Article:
The Yeti certainly looks the part, thanks to its studio-style capacitor mic design and sturdy, heavy base. It rotates easily around a central pivot, which allows for a wide range of mic placements, making it suitable for many different kinds of recording.
The Yeti’s strength is that it incorporates four distinct settings – stereo, cardoid, omni-directional and bi-directional. Stereo captures a realistic stereo image and works well for recording conversations, vocals and acoustic instruments; cardoid focuses on what’s right in front of the mic and cuts out everything else, making it good for podcasts; omni picks up everything equally and is good for recording outdoors, discussions or conference calls; bi-directional records front and rear, so it’s good for interviews where you might normally try to get by with a stereo mic – or take along a pair.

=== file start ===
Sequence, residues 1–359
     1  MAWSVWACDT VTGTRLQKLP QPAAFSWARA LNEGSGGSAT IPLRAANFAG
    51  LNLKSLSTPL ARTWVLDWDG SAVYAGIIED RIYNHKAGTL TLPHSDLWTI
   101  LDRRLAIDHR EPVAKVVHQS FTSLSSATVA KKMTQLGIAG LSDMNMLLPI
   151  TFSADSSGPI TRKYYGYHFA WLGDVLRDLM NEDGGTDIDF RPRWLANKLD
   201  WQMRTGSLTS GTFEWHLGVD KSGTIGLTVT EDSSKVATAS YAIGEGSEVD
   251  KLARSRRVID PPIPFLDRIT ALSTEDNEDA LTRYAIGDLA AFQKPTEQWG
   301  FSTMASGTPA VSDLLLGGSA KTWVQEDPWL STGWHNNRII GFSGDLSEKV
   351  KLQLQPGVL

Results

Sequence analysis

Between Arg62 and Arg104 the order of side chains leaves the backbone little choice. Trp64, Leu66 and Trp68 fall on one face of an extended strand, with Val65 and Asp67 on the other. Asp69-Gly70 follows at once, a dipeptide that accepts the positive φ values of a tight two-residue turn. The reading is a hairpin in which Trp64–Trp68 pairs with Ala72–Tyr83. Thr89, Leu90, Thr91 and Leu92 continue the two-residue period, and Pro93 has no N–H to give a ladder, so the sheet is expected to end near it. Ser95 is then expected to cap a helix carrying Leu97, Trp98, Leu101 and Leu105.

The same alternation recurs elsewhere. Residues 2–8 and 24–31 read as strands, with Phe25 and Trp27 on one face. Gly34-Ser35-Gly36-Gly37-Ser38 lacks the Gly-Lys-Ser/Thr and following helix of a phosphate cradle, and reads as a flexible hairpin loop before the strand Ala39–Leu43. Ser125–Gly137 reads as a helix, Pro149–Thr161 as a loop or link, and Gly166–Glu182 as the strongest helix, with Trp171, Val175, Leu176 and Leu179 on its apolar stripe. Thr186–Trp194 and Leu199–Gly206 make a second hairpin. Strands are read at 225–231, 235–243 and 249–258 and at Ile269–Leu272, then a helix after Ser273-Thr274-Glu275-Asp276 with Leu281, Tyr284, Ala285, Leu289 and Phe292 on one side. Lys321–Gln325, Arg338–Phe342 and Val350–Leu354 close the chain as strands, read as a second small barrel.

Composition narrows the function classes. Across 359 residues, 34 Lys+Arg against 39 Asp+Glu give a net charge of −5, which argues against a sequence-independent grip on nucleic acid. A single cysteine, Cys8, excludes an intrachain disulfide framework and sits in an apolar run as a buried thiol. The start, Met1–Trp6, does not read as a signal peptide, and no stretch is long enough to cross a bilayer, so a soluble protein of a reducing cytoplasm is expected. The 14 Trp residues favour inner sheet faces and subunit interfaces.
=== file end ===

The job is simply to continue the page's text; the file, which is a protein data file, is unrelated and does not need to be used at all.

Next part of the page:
Results are uniformly excellent. This is a professional-level mic and we produced great recordings of conversations, interviews, podcasts and intimate acoustic performances using a variety of programs like GarageBand and Audacity. There’s a headphone socket for easy, latency-free monitoring and simple volume and mute controls on one side; though the volume and recording settings are inconveniently sited on the other side, where you can’t see them.
Of course, you can do all this with a conventional mic and audio interface, but if you don’t normally record electric instruments and keyboards, this’ll save money and you’ll have less to cart around – though because it’s quite heavy you won’t want to use it too often for in-the-field recording. It costs a hefty £129, but we’ve seen it for £99 including delivery, at which point it becomes an attractive proposition for anyone who’s serious about their audio recordings.
We loved the Yeti’s versatility and the way it made vocals sound rich and radio-friendly. It has enough tonal nuances to make recording vocals and guitar straight into GarageBand satisfying and is easily good enough for recording small live events with multiple acoustic instruments. The bi-directional mode is great for interviews. It’s quite big and heavy, though.